the process is represented by an image from nature: "The clouds pass and the
rain does its work, and all individual beings flow into their forms."
Applies to the human world, these attributes show the great man the way to
notable success: "Because he sees with great clarity and cause and effects, he
completes the six steps at the right time and mounts toward heaven on them
at the right time, as though on six dragons." The six steps are the six different
positions given in the hexagram, which are represented later by the dragon
symbol. Here it is shown that the way to success lies in apprehending and
giving actuality to the way of the universe [Tao], which, as a law running
through end and beginning, brings about all phenomena in time. Thus each
step attained forthwith becomes a preparation for the next. Time is no longer
a hindrance but the means of making actual what is potential.
The act of creation having found expression in the two attributes sublimity
and success, the work of conservation is shown to be a continuous
actualization and differentiation of form. This is expressed in the two terms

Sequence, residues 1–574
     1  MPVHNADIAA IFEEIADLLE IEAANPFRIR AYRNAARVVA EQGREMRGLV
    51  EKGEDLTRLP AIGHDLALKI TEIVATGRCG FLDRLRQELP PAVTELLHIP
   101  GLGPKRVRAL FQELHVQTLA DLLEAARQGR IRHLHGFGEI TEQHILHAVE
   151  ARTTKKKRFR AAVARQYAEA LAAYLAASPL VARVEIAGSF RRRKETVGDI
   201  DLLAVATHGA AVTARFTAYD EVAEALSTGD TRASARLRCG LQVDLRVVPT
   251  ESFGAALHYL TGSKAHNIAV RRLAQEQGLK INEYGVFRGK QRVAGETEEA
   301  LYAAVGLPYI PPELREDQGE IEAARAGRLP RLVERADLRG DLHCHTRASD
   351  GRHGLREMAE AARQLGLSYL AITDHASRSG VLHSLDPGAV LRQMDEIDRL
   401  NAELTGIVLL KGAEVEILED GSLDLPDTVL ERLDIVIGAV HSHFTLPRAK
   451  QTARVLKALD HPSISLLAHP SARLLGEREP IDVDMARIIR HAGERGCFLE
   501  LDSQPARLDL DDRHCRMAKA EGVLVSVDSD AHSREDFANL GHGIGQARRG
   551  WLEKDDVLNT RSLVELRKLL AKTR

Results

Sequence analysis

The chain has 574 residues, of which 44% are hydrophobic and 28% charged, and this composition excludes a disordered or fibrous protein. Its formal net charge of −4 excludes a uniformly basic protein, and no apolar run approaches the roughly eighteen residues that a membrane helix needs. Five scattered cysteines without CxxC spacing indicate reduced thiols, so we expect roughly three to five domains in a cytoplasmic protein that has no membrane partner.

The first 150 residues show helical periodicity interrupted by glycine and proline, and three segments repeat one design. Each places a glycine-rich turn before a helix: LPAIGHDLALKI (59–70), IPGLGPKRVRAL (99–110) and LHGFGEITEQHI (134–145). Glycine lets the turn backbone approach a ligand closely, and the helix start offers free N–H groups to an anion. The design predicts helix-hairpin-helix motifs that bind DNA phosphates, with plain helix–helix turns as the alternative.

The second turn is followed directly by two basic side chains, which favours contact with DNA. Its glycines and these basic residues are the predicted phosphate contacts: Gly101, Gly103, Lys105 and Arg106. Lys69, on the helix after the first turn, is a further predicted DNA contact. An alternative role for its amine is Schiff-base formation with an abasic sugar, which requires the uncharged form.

"furthering" (literally, "creating that which accords with the nature of a
given being") and "persevering" (literally, "correct and firm"). "The course of
the Creative alters and shapes beings until each attains its true, specific
nature, then it keeps them in conformity with the Great Harmony. Thus
does it show itself to further through perseverance."
In relation to the human sphere, this shows how the great man brings peace
and security to the world through his activity in creating order: "He towers
high above the multitude of beings, and all lands are united in peace."
Another line of speculation goes still further in separating the words
"sublime," "success," "furthering," "perseverance," and parallels them with
the four cardinal virtues in humanity. To sublimity, which, as the
fundamental principle, embraces all the other attributes, it links love. To the
attribute success are linked the morals, which regulate and organize
expressions of love and thereby make them successful. The attribute
furthering is correlated with justice, which creates the conditions in which
each receives that which accords with his being, that which is due him and
which constitutes his happiness. The attribute perseverance is correlated
with wisdom, which discerns the immutable laws of all that happens and can
therefore bring about enduring conditions. These speculations, already
broached in the commentary called Wên Yen , later formed the bridge
connecting the philosophy of the "five stages (elements) of change," as laid
down in the Book of History (Shu Ching) with the philosophy of the Book of
Changes, which is based solely on the polarity of positive and negative
principles. In the course of time this combination of the two systems of